Mel Kiper's Latest Chiefs Mock Draft Picks Are... Great?

Mel Kiper Jr., ESPN's premier draft analyst, made two selections on behalf of the Kansas City Chiefs in his latest 2021 NFL mock draft, and both selections make a ton of sense for the Chiefs.
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Mel Kiper Jr., ESPN's premier draft analyst, made two selections on behalf of the Kansas City Chiefs in his latest 2021 NFL mock draft, and both selections make a ton of sense for the Chiefs.

The hesitance in the headline stems from the fact that — generally speaking — I'm left unimpressed by most non-Kansas City-based mock drafters when they choose for the Chiefs. It's tough to fully understand a team's needs and tendencies if you're not specifically covering that organization closely, but I think Kiper did something very on-brand for Chiefs general manager Brett Veach in his latest mock.

While the Chiefs obviously need a left tackle, I've become increasingly lukewarm on the crop of players who are likely to be available at the 31st overall pick. In Kiper's mock, the draft's top tackles — Penei Sewell, Rashawn Slater, Christian Darrisaw, Alijah Vera-Tucker (more likely a future guard) and Tevin Jenkins — went fifth, 13th, 14th, 17th and 20th, respectively. Then, with the 31st pick, he selected Penn State EDGE Jayson Oweh.

Oweh was the Chiefs' first-round selection in our ninth Roughing the Kicker mock draft with Tucker Franklin and Jordan Foote at the helm, and I think he makes a lot of sense for Veach and defensive coordinator Steve Spagnuolo. He could contribute as a rookie before potentially replacing Frank Clark in 2022 if Clark doesn't ultimately live up to his 2022 cap hit.

Here's what Kiper had to say about the pick:

31. Kansas City Chiefs
Jayson Oweh, OLB, Penn State
It has to be offensive tackle or edge rusher for the Chiefs here, right? The Super Bowl loss showed off some major weaknesses, even if this roster is still one of the league's best. Oweh is an interesting case because his coaches raved about his athletic traits, and he just ran a 4.36 40-yard dash at 257 pounds. That's unbelievable. Sacks aren't everything, but he didn't have any last season, and Oweh could be the first FBS defensive lineman since Dominique Easley (2014) to be selected in the first two rounds after not recording a sack in his final collegiate season, according to ESPN Stats & Info. Scouts rave about his upside, but I still would have liked more production.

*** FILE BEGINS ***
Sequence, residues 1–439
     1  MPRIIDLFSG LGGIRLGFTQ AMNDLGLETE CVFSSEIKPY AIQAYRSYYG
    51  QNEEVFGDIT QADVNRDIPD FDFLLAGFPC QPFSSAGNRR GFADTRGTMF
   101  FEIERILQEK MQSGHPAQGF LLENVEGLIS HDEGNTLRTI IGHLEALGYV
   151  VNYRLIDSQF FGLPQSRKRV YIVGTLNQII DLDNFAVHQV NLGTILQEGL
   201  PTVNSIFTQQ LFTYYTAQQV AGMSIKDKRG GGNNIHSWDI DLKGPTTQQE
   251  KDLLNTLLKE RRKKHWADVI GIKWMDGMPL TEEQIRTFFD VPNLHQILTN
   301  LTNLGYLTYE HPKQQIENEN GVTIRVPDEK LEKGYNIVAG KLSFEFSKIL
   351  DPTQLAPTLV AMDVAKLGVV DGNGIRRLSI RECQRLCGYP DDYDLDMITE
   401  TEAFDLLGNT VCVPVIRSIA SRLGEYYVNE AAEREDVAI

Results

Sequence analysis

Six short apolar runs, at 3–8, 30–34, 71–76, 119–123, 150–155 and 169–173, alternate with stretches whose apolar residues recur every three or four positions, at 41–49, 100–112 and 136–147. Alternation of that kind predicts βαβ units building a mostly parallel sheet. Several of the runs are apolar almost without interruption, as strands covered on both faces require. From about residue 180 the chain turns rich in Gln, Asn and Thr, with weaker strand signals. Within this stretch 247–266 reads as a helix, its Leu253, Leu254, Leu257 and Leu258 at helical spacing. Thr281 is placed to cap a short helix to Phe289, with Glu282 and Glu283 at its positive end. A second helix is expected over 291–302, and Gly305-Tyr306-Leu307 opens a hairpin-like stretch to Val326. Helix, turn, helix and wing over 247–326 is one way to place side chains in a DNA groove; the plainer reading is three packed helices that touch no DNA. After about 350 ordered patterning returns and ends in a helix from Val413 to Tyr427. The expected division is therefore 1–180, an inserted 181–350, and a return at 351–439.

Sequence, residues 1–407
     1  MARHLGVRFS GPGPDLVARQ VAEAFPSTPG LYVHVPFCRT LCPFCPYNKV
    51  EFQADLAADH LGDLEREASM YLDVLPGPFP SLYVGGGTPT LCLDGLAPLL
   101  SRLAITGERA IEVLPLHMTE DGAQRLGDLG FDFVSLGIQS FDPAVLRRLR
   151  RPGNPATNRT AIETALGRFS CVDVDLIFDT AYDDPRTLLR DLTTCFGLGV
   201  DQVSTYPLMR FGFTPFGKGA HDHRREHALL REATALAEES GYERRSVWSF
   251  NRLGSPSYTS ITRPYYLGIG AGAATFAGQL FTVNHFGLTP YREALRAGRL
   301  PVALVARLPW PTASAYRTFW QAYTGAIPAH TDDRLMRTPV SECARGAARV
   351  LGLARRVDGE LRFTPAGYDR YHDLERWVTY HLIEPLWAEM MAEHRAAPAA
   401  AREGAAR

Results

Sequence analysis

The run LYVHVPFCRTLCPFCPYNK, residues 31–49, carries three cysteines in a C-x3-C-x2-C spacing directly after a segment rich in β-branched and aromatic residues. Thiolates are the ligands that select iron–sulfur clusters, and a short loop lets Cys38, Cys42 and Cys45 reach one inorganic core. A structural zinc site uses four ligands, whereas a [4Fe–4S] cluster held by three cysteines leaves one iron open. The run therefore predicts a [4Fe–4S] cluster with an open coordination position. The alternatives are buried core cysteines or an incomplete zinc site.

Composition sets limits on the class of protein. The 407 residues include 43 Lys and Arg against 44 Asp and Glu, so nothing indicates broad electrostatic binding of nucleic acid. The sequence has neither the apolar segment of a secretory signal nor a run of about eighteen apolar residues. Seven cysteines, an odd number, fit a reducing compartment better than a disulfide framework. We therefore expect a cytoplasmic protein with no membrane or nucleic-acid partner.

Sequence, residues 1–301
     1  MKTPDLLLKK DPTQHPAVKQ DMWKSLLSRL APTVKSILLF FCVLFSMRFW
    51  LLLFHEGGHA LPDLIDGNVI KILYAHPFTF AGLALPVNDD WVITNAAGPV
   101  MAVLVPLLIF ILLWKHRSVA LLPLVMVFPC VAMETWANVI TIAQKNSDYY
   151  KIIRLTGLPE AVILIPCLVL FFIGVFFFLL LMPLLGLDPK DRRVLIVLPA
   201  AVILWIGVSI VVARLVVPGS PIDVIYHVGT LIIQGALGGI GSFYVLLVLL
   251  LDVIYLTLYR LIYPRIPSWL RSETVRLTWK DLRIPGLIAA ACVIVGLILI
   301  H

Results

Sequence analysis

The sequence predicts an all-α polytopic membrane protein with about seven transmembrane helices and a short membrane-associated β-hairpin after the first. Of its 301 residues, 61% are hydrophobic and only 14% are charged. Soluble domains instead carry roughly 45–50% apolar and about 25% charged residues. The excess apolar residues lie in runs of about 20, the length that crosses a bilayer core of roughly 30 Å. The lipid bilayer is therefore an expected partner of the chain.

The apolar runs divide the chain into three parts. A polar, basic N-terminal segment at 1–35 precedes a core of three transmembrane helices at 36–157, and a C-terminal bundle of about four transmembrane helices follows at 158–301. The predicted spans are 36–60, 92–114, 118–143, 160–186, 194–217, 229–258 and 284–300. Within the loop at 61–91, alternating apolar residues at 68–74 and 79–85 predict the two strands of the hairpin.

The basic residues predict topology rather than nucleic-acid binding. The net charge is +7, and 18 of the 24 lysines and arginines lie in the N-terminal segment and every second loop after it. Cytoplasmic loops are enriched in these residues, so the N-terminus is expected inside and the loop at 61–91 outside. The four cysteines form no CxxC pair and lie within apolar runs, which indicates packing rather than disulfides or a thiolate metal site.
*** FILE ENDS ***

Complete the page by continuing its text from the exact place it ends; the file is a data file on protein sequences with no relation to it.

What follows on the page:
I'd be on board with Oweh at 31, but yes, I know, what about left tackle???

Even if the Chiefs would have selected Samuel Cosmi (who went 54th), Dillon Radunz (55th), Liam Eichenberg (58th) or Jackson Carman (62nd) with the 31st overall pick, I still would have been concerned about any of them as KC's day-one starting left tackle, entrusted with protecting Patrick Mahomes's blindside. If they don't end up with Sewell, Slater, Darrisaw or Jenkins (and at least those first three aren't happening without a massive trade-up), they'll still need to eventually call Russell Okung, Alejandro Villanueva or maybe even keep Eric Fisher on speed-dial to add a veteran presence to the left tackle position. And if there isn't a massive difference between the best remaining tackle at 31 and the best tackle at 63, I'd be in favor of waiting like Kiper did when he selected Stanford tackle Walker Little.

Here's what he had to say about the selection: 

63. Kansas City Chiefs
Walker Little, OT, Stanford
I've been watching Little closely since he started at left tackle as a true freshman in 2017. He looked like a first-round lock after the 2018 season. Then he injured his knee in the season opener in 2019, missed all of that season and opted out of last season, which means he hasn't been on the field much. For Kansas City, this is a pick all about projection, as Little has the frame (6-foot-7) and footwork to be a future starter at tackle. Still, because he hasn't played much since 2018, it's tough to project his future.

Every tackle within striking distance of the Chiefs has a red flag somewhere in their scouting report, and for Little, it's medical. If he physically checks out and can sit behind a veteran and get his footing in the NFL for a year — or maybe even compete for the starting job with an NFL-ready vet in training camp — he could be an answer to the Chiefs' biggest question at a great value.

Read More: The Chiefs Should Invest in Developing Stanford Offensive Tackle Walker Little